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SQL CASE Statement

Hello Experts,

Can anyone who has a lot of expertise using CASE statements explain the difference between these 2 CASE Statements:

CASE WHEN WP.ShipDate IS NULL THEN 'N/A'
 ELSE 'Shipped on ' + CONVERT(VARCHAR,WP.ShipDate,101)
END as Shipped

RESULTS:
NULL
NULL
Shipped on 06/06/2008
NULL
Shipped on 06/16/2008

VS........

CASE WP.ShipDate
WHEN NULL THEN 'N/A'
 ELSE 'Shipped on ' + CONVERT(VARCHAR,WP.ShipDate,101)
END as Shipped

RESULTS:
N/A
N/A
Shipped on 06/06/2008
N/A
Shipped on 06/16/2008

How come one CASE statement ignores the N/A part, and the other doesn't.
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pzozulka
Asked:
pzozulka
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3 Solutions
 
chapmandewCommented:
Are you sure the 2nd case statement works as you say it does?  I'm not able to get that syntax to work, but the 1st works as it should fine.
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Scott PletcherSenior DBACommented:
The first one should work, not sure why it is not.

The NULL will not match on the second one, so it should always fall to the "ELSE" code.
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adriankohwsCommented:
Actually you have just two conditions and don't require to use case, a "If" "Else" statement will work fine. I will also advise to use the checking in your codes behind instead of using SQL.
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pzozulkaAuthor Commented:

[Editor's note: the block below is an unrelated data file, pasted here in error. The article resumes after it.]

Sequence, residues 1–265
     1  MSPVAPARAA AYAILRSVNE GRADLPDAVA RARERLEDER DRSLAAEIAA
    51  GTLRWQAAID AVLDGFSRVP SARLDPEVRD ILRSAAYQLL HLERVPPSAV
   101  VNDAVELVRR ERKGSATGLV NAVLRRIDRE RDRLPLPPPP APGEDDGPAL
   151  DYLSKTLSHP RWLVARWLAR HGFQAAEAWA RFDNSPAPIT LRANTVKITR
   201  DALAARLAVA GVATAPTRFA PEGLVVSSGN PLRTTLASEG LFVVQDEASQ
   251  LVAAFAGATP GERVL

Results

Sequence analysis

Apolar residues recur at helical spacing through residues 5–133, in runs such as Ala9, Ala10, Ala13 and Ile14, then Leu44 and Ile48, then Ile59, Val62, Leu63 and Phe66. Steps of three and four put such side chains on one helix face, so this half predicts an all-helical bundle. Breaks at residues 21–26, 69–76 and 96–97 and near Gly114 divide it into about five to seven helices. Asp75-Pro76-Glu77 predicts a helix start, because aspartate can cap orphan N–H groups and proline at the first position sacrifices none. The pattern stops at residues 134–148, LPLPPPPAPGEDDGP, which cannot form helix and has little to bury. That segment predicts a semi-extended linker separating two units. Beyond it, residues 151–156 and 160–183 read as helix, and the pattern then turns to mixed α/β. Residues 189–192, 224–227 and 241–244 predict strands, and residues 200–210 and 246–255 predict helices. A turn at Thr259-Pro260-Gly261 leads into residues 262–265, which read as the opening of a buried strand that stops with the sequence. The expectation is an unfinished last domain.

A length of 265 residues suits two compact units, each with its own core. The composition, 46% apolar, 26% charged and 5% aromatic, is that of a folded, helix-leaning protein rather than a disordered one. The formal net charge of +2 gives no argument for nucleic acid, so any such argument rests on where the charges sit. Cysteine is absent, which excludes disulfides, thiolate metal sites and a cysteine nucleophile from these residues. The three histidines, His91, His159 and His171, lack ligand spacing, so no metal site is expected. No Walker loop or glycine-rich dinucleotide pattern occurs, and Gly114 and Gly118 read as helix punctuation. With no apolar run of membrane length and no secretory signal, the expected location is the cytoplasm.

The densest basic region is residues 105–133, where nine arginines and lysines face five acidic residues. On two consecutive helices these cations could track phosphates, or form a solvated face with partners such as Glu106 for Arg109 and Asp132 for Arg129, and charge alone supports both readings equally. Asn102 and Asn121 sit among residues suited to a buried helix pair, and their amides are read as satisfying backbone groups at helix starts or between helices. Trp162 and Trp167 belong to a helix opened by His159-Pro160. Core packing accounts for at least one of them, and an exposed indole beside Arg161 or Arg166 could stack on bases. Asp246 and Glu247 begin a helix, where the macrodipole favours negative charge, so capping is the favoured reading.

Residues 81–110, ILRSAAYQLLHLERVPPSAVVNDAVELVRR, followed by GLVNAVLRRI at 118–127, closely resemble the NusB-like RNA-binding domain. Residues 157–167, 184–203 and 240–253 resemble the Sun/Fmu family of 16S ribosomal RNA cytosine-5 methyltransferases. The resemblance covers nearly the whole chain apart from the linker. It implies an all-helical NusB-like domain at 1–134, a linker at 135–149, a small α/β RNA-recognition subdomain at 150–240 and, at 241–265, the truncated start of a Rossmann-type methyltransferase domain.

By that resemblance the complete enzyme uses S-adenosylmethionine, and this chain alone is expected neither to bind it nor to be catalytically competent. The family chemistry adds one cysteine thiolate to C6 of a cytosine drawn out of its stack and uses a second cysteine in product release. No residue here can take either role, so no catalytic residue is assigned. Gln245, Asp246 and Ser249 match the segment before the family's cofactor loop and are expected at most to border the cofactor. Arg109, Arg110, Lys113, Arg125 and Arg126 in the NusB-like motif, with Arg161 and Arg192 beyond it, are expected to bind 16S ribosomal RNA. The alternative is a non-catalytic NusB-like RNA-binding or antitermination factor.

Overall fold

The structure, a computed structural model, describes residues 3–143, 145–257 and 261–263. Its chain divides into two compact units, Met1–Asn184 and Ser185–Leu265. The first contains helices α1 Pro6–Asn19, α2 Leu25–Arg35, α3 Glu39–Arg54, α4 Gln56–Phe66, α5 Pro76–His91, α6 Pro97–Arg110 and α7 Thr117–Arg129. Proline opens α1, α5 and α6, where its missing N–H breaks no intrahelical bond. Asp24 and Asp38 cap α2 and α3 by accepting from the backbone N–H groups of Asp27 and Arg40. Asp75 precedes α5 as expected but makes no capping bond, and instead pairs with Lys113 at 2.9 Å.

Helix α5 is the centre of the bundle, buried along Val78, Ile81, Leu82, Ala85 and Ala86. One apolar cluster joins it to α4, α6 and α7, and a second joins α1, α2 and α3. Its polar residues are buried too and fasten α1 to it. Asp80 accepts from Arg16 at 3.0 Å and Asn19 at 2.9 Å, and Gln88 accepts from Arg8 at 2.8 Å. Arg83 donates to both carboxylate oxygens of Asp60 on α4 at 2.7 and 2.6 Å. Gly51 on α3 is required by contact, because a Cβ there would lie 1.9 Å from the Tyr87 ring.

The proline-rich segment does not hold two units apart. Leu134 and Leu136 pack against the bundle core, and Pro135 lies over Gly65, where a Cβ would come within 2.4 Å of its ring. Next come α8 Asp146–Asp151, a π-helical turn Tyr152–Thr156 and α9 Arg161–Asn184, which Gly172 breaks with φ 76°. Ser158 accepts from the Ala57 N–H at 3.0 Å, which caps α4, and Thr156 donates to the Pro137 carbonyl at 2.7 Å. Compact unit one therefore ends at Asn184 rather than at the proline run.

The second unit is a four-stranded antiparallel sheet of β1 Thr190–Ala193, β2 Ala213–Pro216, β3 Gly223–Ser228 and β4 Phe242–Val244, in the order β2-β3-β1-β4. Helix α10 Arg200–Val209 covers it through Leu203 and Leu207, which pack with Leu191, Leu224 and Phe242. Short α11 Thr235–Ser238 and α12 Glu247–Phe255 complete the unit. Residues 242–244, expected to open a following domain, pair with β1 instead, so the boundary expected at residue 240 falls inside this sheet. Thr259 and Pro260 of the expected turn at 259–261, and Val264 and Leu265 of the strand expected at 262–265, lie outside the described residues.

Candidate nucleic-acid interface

Im so sorry the Results are flip/flopped...

Here are the correct results in respect to each Case Statement...

CASE WHEN WP.ShipDate IS NULL THEN 'N/A'
 ELSE 'Shipped on ' + CONVERT(VARCHAR,WP.ShipDate,101)
END as Shipped

RESULTS: -- Correct, just tested. It is showing N/A whenever NULL.
N/A
N/A
06/06/2008

VS...

CASE WP.ShipDate
WHEN NULL THEN 'N/A'
 ELSE 'Shipped on ' + CONVERT(VARCHAR,WP.ShipDate,101)
END as Shipped

RESULTS:--The N/A part is not being presented...I just tested, it is not showing N/A whenever its NULL
NULL
NULL
06/06/2008
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pzozulkaAuthor Commented:
This is more of a theoretical question. I want to know why one type of CASE statement works, and the other does not. It IS NOT a matter between whether to use CASE vs. IF.
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chapmandewCommented:
It is a TSQL thing...IS NULL is valid using the CASE but you have to use a field with it...you can use NULL the way it is used in your 2nd example.  Its just how TSQL works.
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folderolCommented:
Null is undefined, which is not the same as a zero length string.  Technically, Null = Null makes no sense either, you have to rewrite it as TRUE = TRUE.
In the 2nd syntax, the case simply stops on an undefined value for ShipDate, so the rest of the statement is never reached.  In the 1st syntax  ShipDate is null is a simple boolean evaluation, true or false, with no possible undefined outcome, so branching to the then part always occurs.
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Scott PletcherSenior DBACommented:
The standard way to check for NULL in SQL is to use IS NULL.  This works accurately all the time.  So the first version:

CASE WHEN WP.ShipDate IS NULL THEN ...

works perfectly, as intended.

The other format of CASE:

CASE WP.ShipDate
    WHEN NULL THEN ...
    WHEN value2 THEN ...
    ...
does an equality comparison of the value in the column to the value in the WHEN.

By default, the result of NULL = NULL is also NULL, which is logical if you think of NULL as "unknown"/missing -- does an unknown/missing value equal another unknown/missing value?  That is clearly also unknown, since the values might be the same or they might not.
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